“These two risks line up well with the strengths of the glide path concept. In particular, the gradual reduction in equity exposure over time seeks to minimize volatility in retirement, while the exposure to the growth potential of equities beyond retirement hedges against longevity risk.”
It is also noted that Glide paths help manage other risks, such as behavioural risks – to guard against investors adjusting their investment allocations based on emotions.
Interestingly: Nearly two-thirds of plan advisors (63%) report favouring a “through” glide path for clients, over a “to” glide path (37%); the latter achieves and maintains a conservative allocation at the target date, while the former reduces its equity allocation gradually throughout retirement.
“Given that retirement can last for 30 years or more, and that more plan advisors prioritize longevity risk over volatility risk, a “through” glide path is logically the more attractive feature.”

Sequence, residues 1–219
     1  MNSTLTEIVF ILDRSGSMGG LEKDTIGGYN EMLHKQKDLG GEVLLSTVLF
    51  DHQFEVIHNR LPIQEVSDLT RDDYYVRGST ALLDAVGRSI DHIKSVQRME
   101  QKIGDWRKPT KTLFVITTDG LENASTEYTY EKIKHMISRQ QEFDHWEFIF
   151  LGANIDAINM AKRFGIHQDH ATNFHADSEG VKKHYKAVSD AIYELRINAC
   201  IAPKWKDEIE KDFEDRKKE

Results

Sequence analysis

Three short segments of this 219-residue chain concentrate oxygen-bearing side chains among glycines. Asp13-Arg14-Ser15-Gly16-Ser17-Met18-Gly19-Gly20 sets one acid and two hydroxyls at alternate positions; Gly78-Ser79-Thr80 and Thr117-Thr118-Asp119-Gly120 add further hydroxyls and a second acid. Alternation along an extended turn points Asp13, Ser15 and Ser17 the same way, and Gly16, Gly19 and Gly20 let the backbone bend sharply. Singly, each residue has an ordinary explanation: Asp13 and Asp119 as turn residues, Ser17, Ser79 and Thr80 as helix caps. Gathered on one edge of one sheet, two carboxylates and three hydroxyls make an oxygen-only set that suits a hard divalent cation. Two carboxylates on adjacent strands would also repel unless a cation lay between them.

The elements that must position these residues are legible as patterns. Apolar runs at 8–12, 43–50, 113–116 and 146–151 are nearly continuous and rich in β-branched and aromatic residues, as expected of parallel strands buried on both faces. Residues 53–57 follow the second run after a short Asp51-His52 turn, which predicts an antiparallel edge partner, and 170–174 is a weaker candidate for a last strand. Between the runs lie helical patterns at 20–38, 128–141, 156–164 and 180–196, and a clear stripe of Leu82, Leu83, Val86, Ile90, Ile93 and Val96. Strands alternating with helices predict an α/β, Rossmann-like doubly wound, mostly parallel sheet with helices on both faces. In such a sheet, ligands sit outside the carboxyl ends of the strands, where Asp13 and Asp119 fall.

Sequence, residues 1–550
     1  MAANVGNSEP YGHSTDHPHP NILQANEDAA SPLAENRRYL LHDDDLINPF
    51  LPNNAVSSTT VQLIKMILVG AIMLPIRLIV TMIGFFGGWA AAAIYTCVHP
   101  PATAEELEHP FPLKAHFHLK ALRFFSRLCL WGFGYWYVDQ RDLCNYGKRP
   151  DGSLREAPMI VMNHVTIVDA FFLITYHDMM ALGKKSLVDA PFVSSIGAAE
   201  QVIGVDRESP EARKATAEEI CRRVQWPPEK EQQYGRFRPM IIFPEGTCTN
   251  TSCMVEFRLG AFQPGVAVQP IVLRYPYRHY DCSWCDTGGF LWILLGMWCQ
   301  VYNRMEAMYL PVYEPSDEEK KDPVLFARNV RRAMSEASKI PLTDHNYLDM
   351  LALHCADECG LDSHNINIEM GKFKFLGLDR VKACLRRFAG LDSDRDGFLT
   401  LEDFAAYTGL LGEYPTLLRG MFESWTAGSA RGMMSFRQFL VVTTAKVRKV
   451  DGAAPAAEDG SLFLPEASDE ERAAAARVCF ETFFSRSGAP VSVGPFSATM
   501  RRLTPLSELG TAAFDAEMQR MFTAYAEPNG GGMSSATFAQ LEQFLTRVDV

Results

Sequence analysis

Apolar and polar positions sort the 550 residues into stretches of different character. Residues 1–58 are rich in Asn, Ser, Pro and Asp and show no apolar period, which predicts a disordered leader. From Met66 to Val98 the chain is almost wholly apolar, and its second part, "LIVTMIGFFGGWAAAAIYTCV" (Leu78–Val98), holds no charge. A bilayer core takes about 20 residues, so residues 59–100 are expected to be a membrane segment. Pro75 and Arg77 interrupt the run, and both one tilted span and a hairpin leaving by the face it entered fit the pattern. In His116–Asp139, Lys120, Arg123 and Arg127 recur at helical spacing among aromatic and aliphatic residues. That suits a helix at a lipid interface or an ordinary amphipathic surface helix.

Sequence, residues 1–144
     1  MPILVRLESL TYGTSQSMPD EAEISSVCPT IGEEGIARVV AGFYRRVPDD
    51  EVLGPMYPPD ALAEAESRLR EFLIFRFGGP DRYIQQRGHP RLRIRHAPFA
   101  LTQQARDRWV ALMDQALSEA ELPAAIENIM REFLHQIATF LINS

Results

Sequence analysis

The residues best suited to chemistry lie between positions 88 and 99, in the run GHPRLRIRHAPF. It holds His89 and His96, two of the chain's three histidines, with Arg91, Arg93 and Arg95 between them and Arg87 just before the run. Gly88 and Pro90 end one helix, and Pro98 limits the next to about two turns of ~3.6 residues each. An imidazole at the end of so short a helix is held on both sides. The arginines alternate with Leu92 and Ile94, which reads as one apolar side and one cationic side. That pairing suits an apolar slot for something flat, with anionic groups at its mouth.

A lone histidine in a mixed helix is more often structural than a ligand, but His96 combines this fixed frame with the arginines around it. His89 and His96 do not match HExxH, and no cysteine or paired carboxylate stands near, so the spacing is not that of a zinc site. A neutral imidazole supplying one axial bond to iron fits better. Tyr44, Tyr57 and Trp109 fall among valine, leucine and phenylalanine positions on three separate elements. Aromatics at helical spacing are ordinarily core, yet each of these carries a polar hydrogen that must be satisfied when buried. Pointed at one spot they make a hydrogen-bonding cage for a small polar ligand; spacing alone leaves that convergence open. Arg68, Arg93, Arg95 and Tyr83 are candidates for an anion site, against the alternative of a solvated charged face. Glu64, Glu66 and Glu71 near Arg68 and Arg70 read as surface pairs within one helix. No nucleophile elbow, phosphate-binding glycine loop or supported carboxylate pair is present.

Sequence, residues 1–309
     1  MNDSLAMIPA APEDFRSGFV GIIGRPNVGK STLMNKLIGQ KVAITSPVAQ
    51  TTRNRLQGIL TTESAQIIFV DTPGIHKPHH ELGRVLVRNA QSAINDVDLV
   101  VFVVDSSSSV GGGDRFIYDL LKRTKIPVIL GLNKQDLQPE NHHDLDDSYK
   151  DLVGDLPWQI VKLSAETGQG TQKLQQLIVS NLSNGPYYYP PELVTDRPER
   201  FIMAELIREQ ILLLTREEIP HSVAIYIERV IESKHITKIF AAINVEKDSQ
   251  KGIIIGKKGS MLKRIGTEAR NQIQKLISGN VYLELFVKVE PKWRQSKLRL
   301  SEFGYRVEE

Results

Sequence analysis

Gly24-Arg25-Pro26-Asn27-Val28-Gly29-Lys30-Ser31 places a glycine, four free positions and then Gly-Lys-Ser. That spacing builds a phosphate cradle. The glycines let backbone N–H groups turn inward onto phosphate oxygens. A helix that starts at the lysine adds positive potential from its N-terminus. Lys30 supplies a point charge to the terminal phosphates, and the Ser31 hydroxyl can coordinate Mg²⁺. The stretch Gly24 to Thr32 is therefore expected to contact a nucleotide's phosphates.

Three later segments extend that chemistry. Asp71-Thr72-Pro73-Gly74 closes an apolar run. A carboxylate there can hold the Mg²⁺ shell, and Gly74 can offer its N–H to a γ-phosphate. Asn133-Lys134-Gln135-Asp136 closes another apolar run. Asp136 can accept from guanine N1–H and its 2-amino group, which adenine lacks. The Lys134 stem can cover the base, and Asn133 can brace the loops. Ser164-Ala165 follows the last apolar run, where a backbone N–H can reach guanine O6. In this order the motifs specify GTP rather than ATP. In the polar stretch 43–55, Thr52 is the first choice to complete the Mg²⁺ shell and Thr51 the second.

The report observes that one of the major appeals TDF is the ability to contribute money to an investment account that automatically shifts its asset allocation over time according to a pre-determined schedule.
Therefore, in evaluating TDF Advisors tend to focus on the mix of assets and allocation in the glide path and the glide path itself.
Although Fees are a consideration, it is worth emphasising the above two aspects are considered the most important by Advisors in determining which TDF to recommend to Clients.
Therefore, it is not too surprising that a greater degree of customisation would be attractive to Advisors so as to better meet Client’s investment objectives:
- Most advisors surveyed (59%) believe that more customization versus off-the-shelf options would help make TDFs more useful and more attractive to clients.